The Pawnbroker (1964), directed by Sidney Lumet, was one of the first American films to address the Holocaust through the eyes of a survivor after the events. Highly influenced by the French New Wave of the early sixties, particularly its use of quick flashback cuts to reveal Sol's personal tragedy, the film explores the effect of memory and emotion on the human psyche while also recalling life-changing events from the objective present. In this, The Pawnbroker shares some stylistic and thematic similarities to the work of Alain Resnais, particularly Hiroshima mon Amour (1959) and his highly influential documentary, Night and Fog (1955). Aside from this, however, Lumet's film is uniquely American, with its harsh, unforgiving depiction of New York City, all of it brought to vivid life by Boris Kaufman's black and white cinematography and a dynamic cast highlighted by Rod Steiger's searing portrayal of the title role.
Although Steiger was already recognized as a highly gifted "Method" actor (he was Oscar® nominated for Best Supporting Actor in On the Waterfront, 1954), The Pawnbroker was the film which earned him international critical acclaim and launched his career as an A-list actor in major films. Yet, at the time, he agreed to do the movie for a reduced fee (he was paid $50,000 - a much lower figure than his normal rate) because he trusted the director (they had worked together previously on the TV series, You Are There).
Steiger was barely forty when he played Sol Nazerman but immersed himself so deeply in the character that it's hard to believe he's not a sixty year old man. His tendency toward dramatic excess though was effectively curtailed by Lumet who later said, "Sure Rod has weaknesses of rhetoric, but you can talk them through with him. I explained that this solitary Jew could not rise to heights of emotion; he had been hammered by life and by people. The faith he had to find was in other people, because God had betrayed him" (from Rod Steiger: Memoirs of a Friendship by Tom Hutchinson).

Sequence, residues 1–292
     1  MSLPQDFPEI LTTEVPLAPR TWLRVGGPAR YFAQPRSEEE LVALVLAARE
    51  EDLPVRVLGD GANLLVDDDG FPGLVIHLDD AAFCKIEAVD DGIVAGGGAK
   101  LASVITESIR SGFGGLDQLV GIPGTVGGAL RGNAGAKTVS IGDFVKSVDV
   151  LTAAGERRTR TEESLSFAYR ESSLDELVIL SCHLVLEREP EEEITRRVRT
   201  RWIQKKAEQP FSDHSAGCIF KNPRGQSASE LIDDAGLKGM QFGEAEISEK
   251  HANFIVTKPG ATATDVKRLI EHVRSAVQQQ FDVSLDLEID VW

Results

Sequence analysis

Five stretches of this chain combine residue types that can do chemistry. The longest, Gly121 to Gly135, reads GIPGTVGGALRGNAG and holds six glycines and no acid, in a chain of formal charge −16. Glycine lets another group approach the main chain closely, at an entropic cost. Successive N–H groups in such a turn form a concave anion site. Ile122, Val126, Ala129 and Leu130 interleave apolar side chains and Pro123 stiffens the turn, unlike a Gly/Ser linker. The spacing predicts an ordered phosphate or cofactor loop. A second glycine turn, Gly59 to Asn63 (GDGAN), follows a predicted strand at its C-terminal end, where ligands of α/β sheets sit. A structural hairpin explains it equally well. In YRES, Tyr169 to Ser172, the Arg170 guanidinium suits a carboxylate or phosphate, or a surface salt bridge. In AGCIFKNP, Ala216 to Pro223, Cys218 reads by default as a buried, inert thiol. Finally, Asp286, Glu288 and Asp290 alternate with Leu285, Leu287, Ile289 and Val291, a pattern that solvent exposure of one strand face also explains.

Steiger would later state, "I think my best work is in The Pawnbroker. The last scene, where I find the boy dead on the street. I think that's the highest moment, whatever it may be, with my talent." The actor's inspiration for this climactic moment, where his grief is expressed as a silent scream, was Picasso's famous painting of "Guernica" with its depiction of the war ravaged villagers. Even more difficult to film was Steiger's final scene when Sol's anguish finally erupts, causing him to drive his hand through the pointed metal spoke for shop receipts.
Not surprisingly, The Pawnbroker had a difficult time finding a major U.S. distributor due to its grim and challenging subject matter. Producer Ely Landau shopped it around to every studio but was told it would never earn back its costs. He didn't have any better luck in England until he arranged for a booking of the film at a West End cinema in London where it had an enormously successful run. As a result, Landau was able to arrange a distribution deal with the Rank organization and open it theatrically in the U.S. where it was critically acclaimed by most major film critics.